You are what you eat. I’m guessing you’ve heard this cliche before. But have you thought about what it means and whether it’s true? Surely, “You are what you eat,” doesn’t mean that later today I’ll morph into a frosted doughnut with Halloween sprinkles. What it does mean is that my body is built, mostly, on nutrients I consume. There are, of course, exceptions – women are born with all of the (non-surrogate) eggs they will have for their lives and medical devices do not use diet to sustain themselves. Tooth enamel and cerebral cortex neurons stay constant but, other than that, our bodies undergo constant turnover. And, as we all know, the substrate for that turnover is what we eat (so, if you had a turnover for breakfast, that turnover is used for turnover). And even those things in our bodies that are not directly the result of diet are affected by it. Your teeth, for example, are highly sensitive to the food you eat and its sugar content. So, food matters – and food quality affects health. But, eating well is expensive, right?
Consider a recently published University of Washington study that examined the cost of eating a diet compliant with the federal Dietary Guidelines for Americans, 2010 – which recommends increased dietary quantities of vitamin D, calcium, dietary fiber and potassium and less sugar and saturated fat. Using a survey to assess eating habits and then tallying retail prices at Seattle-area food suppliers, the study team tabulated the estimated dollars needed to get enough of some key nutrients, such as potassium. Based in part on the fact that such nutrients are plentiful in fresh produce and hard to find elsewhere, the researchers reported that meeting the guidelines would add to food costs. In fact, for one nutrient (potassium), an additional $380 was needed per person per year to meet recommended guidelines. On the other hand, for every 1% increase in dietary calories obtained from sugar and saturated fat, study subjects saved approximately $26 (sugar) to $102 (saturated fat) per person per year. Based on these findings, the authors concluded that, “Improving the American diet will require additional guidance for consumers, especially those with little budget flexibility, and new policies to increase the availability and reduce the cost of healthful foods.”
This study certainly has limitations in terms of its scope and methods (including the fact that the calories and costs were estimated rather than directly observed), but it nonetheless supports the conventional wisdom that you have to be rich to eat a healthy diet. I argue, however, (and I’m not alone in this) that conventional wisdom is simply not true on this point. It is, of course, a lot easier to be a healthy eater if you have a fat wallet, but it’s certainly possible without one. And while I agree with the basic tenet of AB 581(declaring access to healthy food items a basic human right), I don’t think this issue should be left to legislation alone. For example, here is a quick recipe of tips for economic and nutritious eating.
Recipe for Eating Well on a Tight Budget.
· Mix the following into your routine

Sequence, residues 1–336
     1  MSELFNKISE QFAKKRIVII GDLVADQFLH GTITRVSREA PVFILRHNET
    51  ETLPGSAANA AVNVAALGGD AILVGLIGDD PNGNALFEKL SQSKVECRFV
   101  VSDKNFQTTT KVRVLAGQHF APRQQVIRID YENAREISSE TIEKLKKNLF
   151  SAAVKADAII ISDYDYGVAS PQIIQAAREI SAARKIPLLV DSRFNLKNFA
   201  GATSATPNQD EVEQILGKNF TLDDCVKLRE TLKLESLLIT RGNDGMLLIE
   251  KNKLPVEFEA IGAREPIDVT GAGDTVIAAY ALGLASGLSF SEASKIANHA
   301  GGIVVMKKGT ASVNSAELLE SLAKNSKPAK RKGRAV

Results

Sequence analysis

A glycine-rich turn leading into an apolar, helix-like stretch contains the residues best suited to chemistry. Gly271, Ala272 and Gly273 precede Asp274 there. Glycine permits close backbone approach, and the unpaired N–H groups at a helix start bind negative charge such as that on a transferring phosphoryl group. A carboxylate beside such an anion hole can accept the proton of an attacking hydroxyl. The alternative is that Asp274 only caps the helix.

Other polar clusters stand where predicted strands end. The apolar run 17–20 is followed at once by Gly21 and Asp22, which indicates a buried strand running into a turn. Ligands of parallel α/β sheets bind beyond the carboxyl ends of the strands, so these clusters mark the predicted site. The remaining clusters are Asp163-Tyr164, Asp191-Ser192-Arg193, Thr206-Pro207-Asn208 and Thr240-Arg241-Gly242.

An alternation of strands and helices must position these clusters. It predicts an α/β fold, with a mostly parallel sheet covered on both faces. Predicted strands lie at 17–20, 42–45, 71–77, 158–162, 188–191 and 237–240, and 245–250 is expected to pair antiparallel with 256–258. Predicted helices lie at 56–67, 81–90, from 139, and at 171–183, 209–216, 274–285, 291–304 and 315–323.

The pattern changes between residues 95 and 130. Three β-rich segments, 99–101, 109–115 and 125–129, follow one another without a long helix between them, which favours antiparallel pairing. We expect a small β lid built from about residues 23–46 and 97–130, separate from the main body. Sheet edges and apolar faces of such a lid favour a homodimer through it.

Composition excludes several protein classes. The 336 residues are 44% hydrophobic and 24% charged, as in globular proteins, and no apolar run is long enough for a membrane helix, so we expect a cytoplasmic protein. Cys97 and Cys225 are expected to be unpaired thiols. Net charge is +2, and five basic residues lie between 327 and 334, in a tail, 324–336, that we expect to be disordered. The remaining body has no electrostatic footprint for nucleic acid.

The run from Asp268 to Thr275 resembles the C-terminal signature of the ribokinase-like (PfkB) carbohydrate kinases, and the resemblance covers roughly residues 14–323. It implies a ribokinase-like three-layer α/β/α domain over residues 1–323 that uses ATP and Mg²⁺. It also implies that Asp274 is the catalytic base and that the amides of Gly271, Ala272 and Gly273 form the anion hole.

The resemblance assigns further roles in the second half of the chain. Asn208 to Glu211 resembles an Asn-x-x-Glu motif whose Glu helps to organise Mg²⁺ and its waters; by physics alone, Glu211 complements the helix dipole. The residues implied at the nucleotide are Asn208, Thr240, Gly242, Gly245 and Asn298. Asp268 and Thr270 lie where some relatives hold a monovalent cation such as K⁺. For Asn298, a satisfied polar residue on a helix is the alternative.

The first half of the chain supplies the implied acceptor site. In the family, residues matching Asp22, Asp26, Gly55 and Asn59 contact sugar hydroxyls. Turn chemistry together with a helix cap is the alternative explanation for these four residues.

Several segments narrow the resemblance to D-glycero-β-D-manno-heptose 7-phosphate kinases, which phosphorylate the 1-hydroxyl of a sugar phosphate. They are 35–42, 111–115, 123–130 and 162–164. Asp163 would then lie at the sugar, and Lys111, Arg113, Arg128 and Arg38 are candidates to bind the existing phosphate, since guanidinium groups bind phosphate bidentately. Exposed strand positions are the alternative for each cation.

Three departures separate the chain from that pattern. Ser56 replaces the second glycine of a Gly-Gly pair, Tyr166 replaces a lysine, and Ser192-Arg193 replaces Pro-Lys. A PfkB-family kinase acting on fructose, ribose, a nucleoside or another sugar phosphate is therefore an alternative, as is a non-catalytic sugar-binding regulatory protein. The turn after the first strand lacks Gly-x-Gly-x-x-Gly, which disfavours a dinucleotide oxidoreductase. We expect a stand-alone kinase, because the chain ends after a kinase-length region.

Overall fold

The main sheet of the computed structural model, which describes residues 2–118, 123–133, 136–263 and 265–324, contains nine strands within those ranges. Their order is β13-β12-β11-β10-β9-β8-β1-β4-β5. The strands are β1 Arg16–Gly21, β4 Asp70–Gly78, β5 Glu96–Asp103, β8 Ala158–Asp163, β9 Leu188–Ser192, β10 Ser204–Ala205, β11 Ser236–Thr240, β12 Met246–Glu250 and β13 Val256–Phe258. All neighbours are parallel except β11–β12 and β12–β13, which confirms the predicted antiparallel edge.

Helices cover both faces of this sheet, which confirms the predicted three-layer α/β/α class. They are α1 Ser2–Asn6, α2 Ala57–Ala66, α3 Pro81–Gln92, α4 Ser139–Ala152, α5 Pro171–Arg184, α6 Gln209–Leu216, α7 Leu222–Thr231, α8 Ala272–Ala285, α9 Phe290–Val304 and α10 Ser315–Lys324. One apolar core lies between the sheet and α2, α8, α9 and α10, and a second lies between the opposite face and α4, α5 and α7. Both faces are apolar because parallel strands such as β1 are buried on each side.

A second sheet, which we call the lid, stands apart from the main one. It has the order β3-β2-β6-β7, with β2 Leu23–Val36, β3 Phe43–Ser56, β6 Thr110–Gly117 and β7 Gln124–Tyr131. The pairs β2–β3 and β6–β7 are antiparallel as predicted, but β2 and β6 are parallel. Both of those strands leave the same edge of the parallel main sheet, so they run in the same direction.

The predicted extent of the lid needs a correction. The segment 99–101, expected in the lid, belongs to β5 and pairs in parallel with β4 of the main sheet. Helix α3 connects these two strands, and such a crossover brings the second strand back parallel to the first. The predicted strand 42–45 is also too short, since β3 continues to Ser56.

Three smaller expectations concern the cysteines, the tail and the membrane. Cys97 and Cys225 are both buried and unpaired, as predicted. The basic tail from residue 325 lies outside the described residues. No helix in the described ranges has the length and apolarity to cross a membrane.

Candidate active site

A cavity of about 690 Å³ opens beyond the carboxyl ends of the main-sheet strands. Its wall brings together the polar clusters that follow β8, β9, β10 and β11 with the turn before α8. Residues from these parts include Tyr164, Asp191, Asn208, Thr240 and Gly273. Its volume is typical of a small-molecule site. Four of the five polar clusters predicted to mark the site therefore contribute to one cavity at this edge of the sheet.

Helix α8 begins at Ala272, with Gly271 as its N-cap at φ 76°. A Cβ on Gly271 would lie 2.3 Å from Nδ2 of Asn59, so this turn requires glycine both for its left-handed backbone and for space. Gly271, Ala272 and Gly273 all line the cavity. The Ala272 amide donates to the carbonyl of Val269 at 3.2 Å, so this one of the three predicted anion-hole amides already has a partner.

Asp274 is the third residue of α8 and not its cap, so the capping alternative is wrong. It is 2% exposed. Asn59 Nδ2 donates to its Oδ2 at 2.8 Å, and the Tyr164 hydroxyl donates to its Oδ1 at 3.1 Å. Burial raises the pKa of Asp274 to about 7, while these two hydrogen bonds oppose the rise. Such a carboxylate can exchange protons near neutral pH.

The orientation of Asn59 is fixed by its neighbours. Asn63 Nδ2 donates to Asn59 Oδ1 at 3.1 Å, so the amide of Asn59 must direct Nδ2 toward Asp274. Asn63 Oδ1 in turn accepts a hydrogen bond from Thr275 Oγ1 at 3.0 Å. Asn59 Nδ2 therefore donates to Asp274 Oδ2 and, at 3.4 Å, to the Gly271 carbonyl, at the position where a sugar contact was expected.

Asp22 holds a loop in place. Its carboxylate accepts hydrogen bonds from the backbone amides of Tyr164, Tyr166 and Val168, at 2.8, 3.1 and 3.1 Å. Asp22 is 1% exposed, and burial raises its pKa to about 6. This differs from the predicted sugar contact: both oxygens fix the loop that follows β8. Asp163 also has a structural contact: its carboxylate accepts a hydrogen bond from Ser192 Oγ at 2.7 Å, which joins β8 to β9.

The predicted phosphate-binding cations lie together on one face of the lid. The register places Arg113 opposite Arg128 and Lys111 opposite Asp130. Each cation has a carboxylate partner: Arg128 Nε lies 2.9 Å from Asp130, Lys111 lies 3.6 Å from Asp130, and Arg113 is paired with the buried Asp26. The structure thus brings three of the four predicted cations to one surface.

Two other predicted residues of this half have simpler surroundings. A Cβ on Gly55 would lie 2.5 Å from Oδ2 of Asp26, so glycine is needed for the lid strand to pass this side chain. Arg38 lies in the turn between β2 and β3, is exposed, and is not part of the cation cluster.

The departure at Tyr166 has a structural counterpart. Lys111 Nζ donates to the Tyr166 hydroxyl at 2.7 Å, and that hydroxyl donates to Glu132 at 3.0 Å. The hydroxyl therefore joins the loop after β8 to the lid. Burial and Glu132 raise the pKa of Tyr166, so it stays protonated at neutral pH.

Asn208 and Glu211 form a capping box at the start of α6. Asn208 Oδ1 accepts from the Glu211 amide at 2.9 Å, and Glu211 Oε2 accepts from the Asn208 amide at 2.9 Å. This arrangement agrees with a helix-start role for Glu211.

o Two parts buying local, fresh and in-season when possible.
o Three cups planning nutritious meals that can be re-served another night.
o One part frequent thick and hearty soups (these will cut back the urge to splurge).
o Three carts of buying generic and in bulk and freezing perishables.
o Six tablespoons of reading food labels. You’ll be shocked at all the added sodium.
· Cook this mixture slowly in a reduction sauce dedicated to cutting back on unrefined sugar, saturated fat and expensive and unnecessary vitamin supplements.
· Finish with three thimbles of nutrition education.
It is in the finishing that the most enduring benefit will be found – for you and your family. In particular, we could be doing a much better job of teaching our children about food and nutrients and creating a life-long appreciation for their importance. As a father who delivers sprinkled doughnuts home on a bi-weekly basis, I am likely more delinquent on this point than many in Marin. So, for parents like me a great place to start the schooling sauté is at the North Bay Discovery Day. On November 5th, in an event sponsored by The Buck Institute, over 50 exhibitors will gather at Infineon Raceway, all tasked with helping to make science fun and accessible for kids.
Among the exhibitors is accomplished chef Ted Smith, founder of Kids Cooking for Life (KCL) which is a community program that focuses on educating children on food, cooking and (big bonus!) table manners.
The KCL exhibit (in partnership with Kaiser Permanente) on Discovery Day is called a “Whole Grain Adventure” and will feature fun and games (including a Fiber Race) and deliver the message “that whole grains (and the fiber they contain) are an essential ingredient of a healthful diet.”
Ted Smith writes, “I strongly believe that you don't have to be wealthy to eat healthy. What I’ve learned as an owner-operator of restaurants in Chicago for over 23 years (and having served over 18 million customers) is this: fruits and vegetables are a lot cheaper than meat, seafood and poultry! And fruit and vegetables is where you find healthy eating.”
And don’t worry, a diet rich in produce will not turn you into a turnip.
For more info about Discover Day check out